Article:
Introducing Mayil

I released my newest pattern today called Mayil, which is a Indian name meaning full of grace like a peacock.  I use a Prism yarn that has subtle shading that reminded me of the iridescence of a peacock’s feathers.  You can find the pattern for sale on Ravelry and on Craftsy.

Mayil is worked as a series of flowing lace patterns with a gently scalloped edging. This top-down shawl starts with a few stitches and is shaped by columns of yarnovers along the center spine and edges. Worked in a lightly variegated yarn that adds depth to the pattern, Mayil can be worn wrapped around the neck or draped over the shoulders.
This pattern consists primarily of charts with detailed written instructions to assist the knitter in using the charts. It does not include line by line written instructions. Mayil a triangular shawl that is worked from the top down with two symmetrical sides separated by a center spine. It consists of charts in which each chart row is worked twice, once for each side of the center spine.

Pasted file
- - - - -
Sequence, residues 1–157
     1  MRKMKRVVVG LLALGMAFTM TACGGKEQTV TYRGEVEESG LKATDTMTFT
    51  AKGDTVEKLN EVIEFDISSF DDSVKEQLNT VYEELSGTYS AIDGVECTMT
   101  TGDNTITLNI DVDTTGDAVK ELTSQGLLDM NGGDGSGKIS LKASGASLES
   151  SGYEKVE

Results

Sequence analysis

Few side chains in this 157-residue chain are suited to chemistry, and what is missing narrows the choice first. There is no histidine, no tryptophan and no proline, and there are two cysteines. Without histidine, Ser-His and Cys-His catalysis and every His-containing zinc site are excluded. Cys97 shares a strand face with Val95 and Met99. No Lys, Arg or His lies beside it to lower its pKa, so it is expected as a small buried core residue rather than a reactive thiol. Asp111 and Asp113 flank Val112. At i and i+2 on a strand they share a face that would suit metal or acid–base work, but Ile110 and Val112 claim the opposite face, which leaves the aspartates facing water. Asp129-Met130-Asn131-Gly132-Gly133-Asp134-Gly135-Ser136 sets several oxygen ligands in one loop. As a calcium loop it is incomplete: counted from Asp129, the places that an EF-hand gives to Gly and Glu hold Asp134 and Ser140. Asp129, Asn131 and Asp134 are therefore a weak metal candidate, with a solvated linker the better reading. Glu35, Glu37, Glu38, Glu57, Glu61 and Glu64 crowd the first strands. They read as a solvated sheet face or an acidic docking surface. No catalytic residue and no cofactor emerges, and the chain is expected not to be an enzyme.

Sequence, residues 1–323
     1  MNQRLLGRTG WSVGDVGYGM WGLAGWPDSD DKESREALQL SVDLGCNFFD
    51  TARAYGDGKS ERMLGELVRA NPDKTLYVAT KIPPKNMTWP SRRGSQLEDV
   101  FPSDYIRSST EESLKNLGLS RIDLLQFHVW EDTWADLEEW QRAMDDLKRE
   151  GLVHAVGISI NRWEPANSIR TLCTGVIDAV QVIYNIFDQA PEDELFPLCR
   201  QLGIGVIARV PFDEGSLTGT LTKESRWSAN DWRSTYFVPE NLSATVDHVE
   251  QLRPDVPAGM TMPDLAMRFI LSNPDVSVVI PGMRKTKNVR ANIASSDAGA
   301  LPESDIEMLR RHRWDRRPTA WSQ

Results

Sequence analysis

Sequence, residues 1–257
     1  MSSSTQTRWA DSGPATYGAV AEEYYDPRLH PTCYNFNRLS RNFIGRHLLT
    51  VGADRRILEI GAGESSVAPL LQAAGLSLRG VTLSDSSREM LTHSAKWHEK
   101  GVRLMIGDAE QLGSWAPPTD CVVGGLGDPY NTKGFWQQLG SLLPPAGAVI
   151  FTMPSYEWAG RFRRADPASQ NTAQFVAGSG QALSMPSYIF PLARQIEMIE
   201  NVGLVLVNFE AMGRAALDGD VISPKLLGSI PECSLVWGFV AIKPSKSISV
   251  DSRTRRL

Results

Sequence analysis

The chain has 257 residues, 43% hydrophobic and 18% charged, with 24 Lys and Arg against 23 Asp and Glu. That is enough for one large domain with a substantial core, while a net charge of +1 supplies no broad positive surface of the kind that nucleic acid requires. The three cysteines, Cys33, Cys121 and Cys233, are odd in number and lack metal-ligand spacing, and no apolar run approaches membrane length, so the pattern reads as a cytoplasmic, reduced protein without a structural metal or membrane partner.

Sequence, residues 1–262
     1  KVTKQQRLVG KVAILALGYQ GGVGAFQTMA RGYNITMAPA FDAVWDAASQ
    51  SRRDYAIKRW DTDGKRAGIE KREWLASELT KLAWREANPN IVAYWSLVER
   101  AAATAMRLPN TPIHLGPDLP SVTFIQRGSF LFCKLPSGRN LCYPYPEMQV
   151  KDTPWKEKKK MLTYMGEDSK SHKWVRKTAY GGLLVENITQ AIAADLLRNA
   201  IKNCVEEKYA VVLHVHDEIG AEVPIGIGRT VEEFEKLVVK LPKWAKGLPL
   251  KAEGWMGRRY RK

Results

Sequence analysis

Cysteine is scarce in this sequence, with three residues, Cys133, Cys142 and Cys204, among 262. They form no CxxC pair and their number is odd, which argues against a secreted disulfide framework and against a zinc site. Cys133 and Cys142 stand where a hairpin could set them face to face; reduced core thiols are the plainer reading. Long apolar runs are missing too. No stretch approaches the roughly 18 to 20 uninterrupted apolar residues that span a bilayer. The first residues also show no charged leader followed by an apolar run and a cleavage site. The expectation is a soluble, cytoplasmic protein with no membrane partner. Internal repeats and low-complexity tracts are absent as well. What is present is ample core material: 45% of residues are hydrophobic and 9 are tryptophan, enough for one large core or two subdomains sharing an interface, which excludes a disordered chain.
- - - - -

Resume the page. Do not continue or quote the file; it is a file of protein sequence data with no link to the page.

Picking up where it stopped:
Skills needed to complete this pattern include reading charts, forming left and right leaning decreases, forming double decreases, and making yarnovers. Test knitters report that it is an easy, fun, and quick to knit pattern.
This shawl is easy to modify by increasing or decreasing the number of times Charts B, C, and/or D are worked. If you wish to increase the overall size of the shawl and make one or more of the three main lace pattern areas larger, you can repeat all rows of Chart B, C, and/or D additional times. You can decrease the size of the shawl by reducing the number of times Charts B and/or C are worked or by omitting Chart D. Remember that changes in the number of times the charts are worked will change the amount of yarn used and the overall stitch count.

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About Heddi Craft

Heddi Craft is a lifelong fiber artist and crafter. She has been designing shawls since 2014 and enjoys working with simple shapes and unique design features. She currently lives with her husband and three children in Santa Cruz, California, a coastal town with a mild climate that inspires her work.
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